It gets worse. City staff told the Brampton Accessibility Advisory Committee during this meeting that City Council has already approved an e-scooter pilot in Brampton, and staff’s job is to go about implementing it. The City staff’s message to the Accessibility Advisory Committee was as clear as it was troubling: Brampton is going ahead with a pilot, and the only issue that was really open for the Accessibility Advisory Committee’s discussion was how the pilot will be conducted.

This flies in the face of the entire mission of the Accessibility for Ontarians with Disabilities Act. Where a significant issue that affects safety and accessibility for people with disabilities arises, it is wrong for City staff to go to City Council and get directions to proceed, without alerting City Council to the disability safety and accessibility concerns. It compounds this serious error to then months later to tell the Accessibility Advisory Committee in effect that it is a done deal, since City Council has already approved that initiative.

It got even worse. City staff made a detailed oral presentation to the Brampton Accessibility Advisory Committee about e-scooters. It was extremely one-sided, emphasizing their alleged benefits. The presentation virtually ignored the major disability issues that have been demonstrated in other cities. Had the presentation been made by the e-scooter corporate lobbyists, it would not have sounded any different.

The public expects a professional public service at any level of government to provide an objective and balanced assessment of any policy proposal being considered, including possible benefits and possible harms. On that score, Brampton City staff abjectly and miserably failed. All people in Brampton deserve better, including people with disabilities.

Could it get worse than that? In that presentation, City staff emphasized that its goals included such things as transportation equity, and making Brampton safer and more livable. In that regard, City staff presented e-scooters as having only benefits on those measures. They did not even consider much less address the demonstrated fact that e-scooters would undermine equity for people with disabilities, who already face too many barriers in any community in Ontario. They did not recognize that e-scooters have been proven to make a community less livable and more dangerous for many, including people with disabilities.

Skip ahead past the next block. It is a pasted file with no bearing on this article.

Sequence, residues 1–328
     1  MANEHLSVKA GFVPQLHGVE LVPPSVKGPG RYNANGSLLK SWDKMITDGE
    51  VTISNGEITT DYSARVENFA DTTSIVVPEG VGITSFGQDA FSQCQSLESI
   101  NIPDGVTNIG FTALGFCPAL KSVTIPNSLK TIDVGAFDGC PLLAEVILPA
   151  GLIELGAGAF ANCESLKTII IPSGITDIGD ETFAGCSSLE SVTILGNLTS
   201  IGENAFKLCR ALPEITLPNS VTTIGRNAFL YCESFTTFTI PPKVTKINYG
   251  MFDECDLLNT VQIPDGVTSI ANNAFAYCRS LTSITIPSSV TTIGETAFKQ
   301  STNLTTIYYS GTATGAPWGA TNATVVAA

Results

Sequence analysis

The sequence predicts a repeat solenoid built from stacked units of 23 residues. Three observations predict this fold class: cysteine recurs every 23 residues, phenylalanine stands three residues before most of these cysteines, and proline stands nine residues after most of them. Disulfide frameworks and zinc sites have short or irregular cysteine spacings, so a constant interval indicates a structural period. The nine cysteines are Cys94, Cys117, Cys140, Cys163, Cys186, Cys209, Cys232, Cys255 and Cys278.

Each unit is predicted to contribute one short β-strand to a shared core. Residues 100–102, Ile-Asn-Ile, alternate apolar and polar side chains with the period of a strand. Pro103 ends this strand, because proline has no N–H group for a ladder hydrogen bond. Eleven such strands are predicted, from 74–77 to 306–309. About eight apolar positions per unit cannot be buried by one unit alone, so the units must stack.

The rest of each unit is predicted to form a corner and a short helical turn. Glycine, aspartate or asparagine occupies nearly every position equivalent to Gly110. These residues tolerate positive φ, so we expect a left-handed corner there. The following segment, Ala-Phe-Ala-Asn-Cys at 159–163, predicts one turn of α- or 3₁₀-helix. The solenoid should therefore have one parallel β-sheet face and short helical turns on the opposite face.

In response to deputations that evening such as that of the AODA Alliance that presented these dangers, Brampton City staff did not dispute these concerns, or present any proof that they had not materialized. Instead, they argued that Brampton should do a pilot with e-scooters because it is a different community than other cities like Toronto or Montreal.

Regrettably, the Accessibility Advisory Committee members were not in a position to point out that this argument is transparently absurd. In any community where e-scooters have been allowed, people ride them on sidewalks even though this is banned. There is no reason to think that the people living in or visiting Brampton are magically immune to the temptation to ride an e-scooter on sidewalks, especially when there is no effective law enforcement to stop them. In other cities that allow e-scooters, they are left dangerously strewn on sidewalks. Here again, there is no credible argument that people living in or visiting Brampton are similarly incapable of that conduct.

People with disabilities living in or visiting Brampton are just as prone to suffer injuries if struck by an e-scooter racing at 20 KPH, or if they go flying after tripping over an e-scooter, left on a Brampton sidewalk. In any case, Brampton should not use people with disabilities and others as unwilling guinea pigs to test out Brampton City staff’s human experiment, when their safety and accessibility is endangered.

The upshot of that meeting was that City staff will endeavour to arrange for an e-scooter rental company to do a demonstration of e-scooters for members of the Accessibility Advisory Committee. If that is to be meaningful, it should demonstrate how easy it is to ride an e-scooter on a sidewalk, and the dangers that poses to pedestrians, especially those with disabilities. They should also demonstrate the tripping hazard posed by an e-scooter left lying on the ground, and the way this can block mobility of a person using a wheelchair. That should be open to the public to attend, including people with disabilities and disability organizations. It should be recorded on video, and posted online.

It is noteworthy that Brampton City staff had earlier arranged for a demonstration of e-scooters for others, such as Brampton’s Cycling Committee. Here again, the fact that Brampton gave priority to getting input from others, but not from the Accessibility Advisory Committee, shows a worrisome devaluation of the safety and accessibility needs of people with disabilities.